When Jon and I first started planning out the logistics of getting our company off the ground, we knew that we’d have to put a lot of focus on our website. Our site had to be our crown jewel; something we could really stand behind. So we asked around: “what is the first thing you’d want to see when arriving at our (or a similar company’s) site?” The response was overwhelmingly unanimous: “Your work…” (which was usually accompanied with shrugged shoulders). Well, no offense to anyone we asked, but we completely disagree.
At first, this made sense. After all, the majority of company websites in our industry open up by featuring their best client work. While I can understand the initial logic behind that approach, I actually believe that we’ve all tricked ourselves into thinking that’s what the end user wants to see. In reality, if the end user is really looking to invest in our services, they’ll likely care much more about who we are, rather than what we’ve done.
Think about it this way: If you show up on your first date with someone and instantly start talking about the past relationships you’ve been in, the date probably won’t go so well. On the other hand, if you show up looking your best, being attentive and polite, you’ll have a much better chance of turning that date into an actual relationship.
Our Brand Comes First
A client’s brand is likely one of their most valued assets. They’ve spent years trying to associate positive feelings and emotions to it. So making sure their brand is left in the hands of someone who understands this is a huge must. If that’s true, it makes complete sense to focus your site completely around your brand – not someone else’s. The notion of promoting someone else’s work before your own actually feels ridiculous to me. I’m not quite sure how that trend got started, but it’s flawed… big time.
After realizing all of this, Jon and I decided that we didn’t even want our portfolio on our site when we launched. We really wanted our reputations to be derived from who we are rather than what we’ve done in the past. However, we knew there would still be many potential clients and colleagues who would want to see our work. So we did create a private portfolio, but it could only be seen by request. This protected our philosophy, but also felt accommodating when necessary.
This approach worked really great – especially in the beginning. I’m sure it bothered some people that they couldn’t see our work right away, but it helped us feel more engaged with visitors right from the get-go. It also gave us a really good understanding of how significant or necessary a portfolio really is. To prove a point: it’s been over 10 months since we opened our doors and launched our portfolio-less website and we’ve yet to be without a client project to work on. Some of those clients requested to see our private portfolio before working with us, but many did not.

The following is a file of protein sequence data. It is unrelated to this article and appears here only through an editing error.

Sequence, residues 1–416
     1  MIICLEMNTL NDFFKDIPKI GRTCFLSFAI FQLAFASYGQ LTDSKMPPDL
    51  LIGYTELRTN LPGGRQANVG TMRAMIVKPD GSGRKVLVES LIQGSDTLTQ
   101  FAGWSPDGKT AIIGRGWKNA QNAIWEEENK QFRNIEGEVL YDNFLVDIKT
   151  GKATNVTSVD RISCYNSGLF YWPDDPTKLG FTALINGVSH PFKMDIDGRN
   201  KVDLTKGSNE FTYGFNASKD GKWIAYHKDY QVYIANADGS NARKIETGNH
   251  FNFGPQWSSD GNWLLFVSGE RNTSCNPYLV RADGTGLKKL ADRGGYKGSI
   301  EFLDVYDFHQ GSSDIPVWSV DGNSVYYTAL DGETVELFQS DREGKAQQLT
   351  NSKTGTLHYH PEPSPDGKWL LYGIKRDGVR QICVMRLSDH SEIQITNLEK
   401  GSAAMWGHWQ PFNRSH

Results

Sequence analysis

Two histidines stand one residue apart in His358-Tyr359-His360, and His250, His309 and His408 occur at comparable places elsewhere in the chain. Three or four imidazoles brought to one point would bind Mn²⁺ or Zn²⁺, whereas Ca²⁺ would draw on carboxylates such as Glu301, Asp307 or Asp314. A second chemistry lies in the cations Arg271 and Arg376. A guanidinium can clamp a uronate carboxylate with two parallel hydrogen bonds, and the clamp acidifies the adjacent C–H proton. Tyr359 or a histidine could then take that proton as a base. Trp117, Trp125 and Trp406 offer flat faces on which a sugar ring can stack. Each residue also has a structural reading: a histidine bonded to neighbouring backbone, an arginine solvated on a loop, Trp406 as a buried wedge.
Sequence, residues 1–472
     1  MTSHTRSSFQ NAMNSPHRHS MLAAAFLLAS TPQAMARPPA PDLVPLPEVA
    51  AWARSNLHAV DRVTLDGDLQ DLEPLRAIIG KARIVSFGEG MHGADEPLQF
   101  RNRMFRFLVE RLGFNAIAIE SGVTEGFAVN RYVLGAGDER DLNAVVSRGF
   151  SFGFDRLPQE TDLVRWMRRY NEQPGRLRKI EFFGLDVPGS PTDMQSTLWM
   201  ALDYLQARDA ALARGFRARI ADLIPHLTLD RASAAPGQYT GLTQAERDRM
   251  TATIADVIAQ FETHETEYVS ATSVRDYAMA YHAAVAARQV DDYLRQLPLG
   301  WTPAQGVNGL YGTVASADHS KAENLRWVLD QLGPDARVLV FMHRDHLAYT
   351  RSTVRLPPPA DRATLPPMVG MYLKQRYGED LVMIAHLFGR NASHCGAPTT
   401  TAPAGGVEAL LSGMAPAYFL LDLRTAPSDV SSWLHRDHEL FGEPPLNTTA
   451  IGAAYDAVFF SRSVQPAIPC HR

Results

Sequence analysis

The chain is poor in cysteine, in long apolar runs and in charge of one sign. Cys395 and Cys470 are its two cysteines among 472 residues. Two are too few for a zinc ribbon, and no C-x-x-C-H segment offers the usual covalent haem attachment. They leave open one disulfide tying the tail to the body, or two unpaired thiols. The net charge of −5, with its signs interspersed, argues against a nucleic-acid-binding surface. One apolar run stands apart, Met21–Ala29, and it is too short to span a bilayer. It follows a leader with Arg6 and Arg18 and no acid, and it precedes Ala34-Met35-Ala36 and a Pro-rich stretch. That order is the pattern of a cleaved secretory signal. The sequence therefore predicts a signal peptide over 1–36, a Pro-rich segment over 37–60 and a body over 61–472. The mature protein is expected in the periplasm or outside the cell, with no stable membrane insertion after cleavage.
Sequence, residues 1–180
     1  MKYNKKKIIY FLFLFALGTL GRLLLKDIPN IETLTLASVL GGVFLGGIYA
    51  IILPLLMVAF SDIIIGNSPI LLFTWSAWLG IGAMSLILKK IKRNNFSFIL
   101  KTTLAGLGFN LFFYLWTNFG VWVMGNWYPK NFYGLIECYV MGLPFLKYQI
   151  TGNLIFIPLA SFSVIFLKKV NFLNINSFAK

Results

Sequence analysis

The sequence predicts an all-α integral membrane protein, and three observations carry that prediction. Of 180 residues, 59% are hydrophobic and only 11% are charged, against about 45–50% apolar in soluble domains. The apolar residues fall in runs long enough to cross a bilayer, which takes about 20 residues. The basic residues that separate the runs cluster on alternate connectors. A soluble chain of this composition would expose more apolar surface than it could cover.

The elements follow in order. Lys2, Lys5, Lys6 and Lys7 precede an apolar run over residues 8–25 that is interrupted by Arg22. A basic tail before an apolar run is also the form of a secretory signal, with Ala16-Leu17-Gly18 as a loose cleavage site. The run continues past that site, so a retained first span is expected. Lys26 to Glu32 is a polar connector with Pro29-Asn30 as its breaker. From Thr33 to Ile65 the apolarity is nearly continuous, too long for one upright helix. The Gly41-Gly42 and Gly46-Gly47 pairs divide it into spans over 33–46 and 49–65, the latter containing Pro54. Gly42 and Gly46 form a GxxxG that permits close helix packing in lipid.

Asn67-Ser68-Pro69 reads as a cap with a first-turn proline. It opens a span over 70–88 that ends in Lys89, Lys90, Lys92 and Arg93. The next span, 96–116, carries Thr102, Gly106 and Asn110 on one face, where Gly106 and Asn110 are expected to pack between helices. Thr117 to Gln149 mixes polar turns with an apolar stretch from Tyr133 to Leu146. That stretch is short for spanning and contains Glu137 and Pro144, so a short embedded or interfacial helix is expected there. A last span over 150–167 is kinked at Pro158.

Things have changed a bit though. We’ve grown as a company (through experience, not size) and the bulk of our time in the office is focused on actual client work rather than business development. Our reputations seem to be carrying a bit more weight, so a locked down portfolio was starting to feel like a barrier to entry rather than a good ice-breaker.
Iron to Iron, Evolved.
So now, as of this morning, a public portfolio is included on our site. We still feel as though it needed to remain somewhat secondary, because we firmly believe in our philosophy that a client should get to know us, before they get to know our work. Regardless, our site has in-fact grown to accommodate our growth.
With that said, updating our site to include the new portfolio was quite fun. Our concept was simple: The bigger, the better. No crops, just fully displayed work and quick access to launch the actual site. There’s a time and place for cropping your work; it’s called dribbble. Beyond that, there’s no reason to hide any detail. Every single design element on one of our sites was put there for a reason, and we want to show it all off – and as close to full size as we can.
We also wanted to exhibit close attention to detail in our portfolio. This includes subtle (and not-so-subtle) animations when appropriate, as well as unique arrangements of work for each project.
So please, take a moment to browse through our latest addition. Above all, we’re really just excited to have a place to show off all of our hard work. We’ve got work in the pipeline that’s inches away from launching and we plan on keep this portfolio as fresh as possible.
The final step to all of this goodness will be making the whole site responsive… But, we’ll save that for a rainy day.